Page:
An example of a seat for use with tractors and similar off-road vehicles which is capable of attenuating movement in a generally horizontal direction is provided by a co-pending application Ser. No. 960,125, filed Nov. 13, 1978 and assigned to the assignee of the present application. The seat described in that patent application is capable of attenuating fore-aft motion by an underseat arrangement which includes a plurality of bearings slidable along parallel bars. The seat is retained in a nominal position by an opposing pair of springs, and motion of the seat is damped by a piston.

Further examples of prior art seat arrangements which provide attentuating fore-aft movement are provided by U.S. Pat. No. 3,258,241 of Oswald, U.S. Pat. No. 3,100,617 of Radke et al and U.S. Pat. No. 2,932,342 of Simons et al. Shock absorption of seat movement in the fore-aft direction is described in U.S. Pat. No. 3,190,592 of Grizzle, Jr. and U.S. Pat. No. 3,100,618 of Tengler et al.

Still other examples of prior art seat arrangements permitting limited or attenuating movement are provided by U.S. Pat No. 3,245,486 of Oswald, U.S. Pat. No. 3,335,996 of Hall et al, U.S. Pat. No. 3,061,260 of Simons et al, U.S. Pat. No. 3,999,800 of Penzotti, U.S. Pat. No. 4,099,777 of Chekirda, U.S. Pat. No. 3,917,210 of Miller, U.S. Pat. No. 4,195,883 of Ronnhult et al, U.S. Pat. No. 4,128,217 of Mazelsky, French Pat. No. 742,189 of Fricard and British patent specification No. 1,303,936 of Nystrom.

The prior art seat arrangements previously described typically limit attenuating movement in a horizontal plane or direction to a single axis or direction of movement. Based on the types of motion typically encountered by the vehicle the direction may be fore-aft or lateral. As a practical matter, the vibrations and other motions encountered occur in all directions, even though they may be more severe in one direction such as fore-aft than in a lateral direction.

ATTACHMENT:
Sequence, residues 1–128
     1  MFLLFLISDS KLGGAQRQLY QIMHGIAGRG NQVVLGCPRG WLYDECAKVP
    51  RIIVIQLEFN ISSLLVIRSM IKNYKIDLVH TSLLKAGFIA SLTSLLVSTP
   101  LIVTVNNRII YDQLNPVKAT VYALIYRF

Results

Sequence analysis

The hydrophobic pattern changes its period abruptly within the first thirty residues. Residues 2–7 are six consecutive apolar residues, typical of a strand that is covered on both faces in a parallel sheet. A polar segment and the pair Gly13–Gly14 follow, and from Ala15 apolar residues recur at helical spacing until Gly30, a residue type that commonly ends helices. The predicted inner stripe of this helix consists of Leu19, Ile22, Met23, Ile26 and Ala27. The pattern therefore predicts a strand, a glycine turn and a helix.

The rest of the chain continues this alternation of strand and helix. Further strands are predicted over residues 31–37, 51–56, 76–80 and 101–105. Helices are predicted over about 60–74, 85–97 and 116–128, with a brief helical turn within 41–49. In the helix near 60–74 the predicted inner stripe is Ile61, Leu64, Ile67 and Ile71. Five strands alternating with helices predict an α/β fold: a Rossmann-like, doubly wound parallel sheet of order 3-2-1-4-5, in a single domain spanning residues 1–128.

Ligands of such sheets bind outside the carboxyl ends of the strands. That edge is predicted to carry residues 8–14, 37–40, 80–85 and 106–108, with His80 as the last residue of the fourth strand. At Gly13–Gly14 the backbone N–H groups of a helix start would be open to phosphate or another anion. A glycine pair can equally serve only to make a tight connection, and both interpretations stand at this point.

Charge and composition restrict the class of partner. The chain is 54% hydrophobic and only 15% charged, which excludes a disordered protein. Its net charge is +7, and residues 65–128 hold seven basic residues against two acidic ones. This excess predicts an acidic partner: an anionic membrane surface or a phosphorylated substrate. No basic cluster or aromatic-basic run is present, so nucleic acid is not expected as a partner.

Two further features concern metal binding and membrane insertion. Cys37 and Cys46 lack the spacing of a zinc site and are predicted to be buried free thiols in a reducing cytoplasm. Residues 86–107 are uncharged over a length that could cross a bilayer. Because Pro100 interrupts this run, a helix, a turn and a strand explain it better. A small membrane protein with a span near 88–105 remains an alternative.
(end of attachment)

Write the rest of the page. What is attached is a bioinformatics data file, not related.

It would therefore be desirable to provide a seat capable of undergoing attenuating movement along more than one axis within a generally horizontal plane. Ideally, the seat should be capable of attenuating movement in any and all directions within a generally horizontal plane.

Two different arrangements which provide for attenuating movement in any direction within a generally horizontal plane are described in a co-pending application of James E. Thompson et al, Ser. No. 219,900, filed Dec. 12, 1980, and assigned to the assignee of the present application. In both arrangements an intermediate assembly is arranged so as to be capable of movement along a first axis relative to a base assembly and a seat assembly which rotatably mounts a seat is arranged so as to be capable of undergoing movement relative to the intermediate assembly along a second axis perpendicular to the first axis. Relative movements between the intermediate assembly, the base assembly and the seat assembly are damped by shock absorbers coupled therebetween and are resisted by opposing pairs of springs.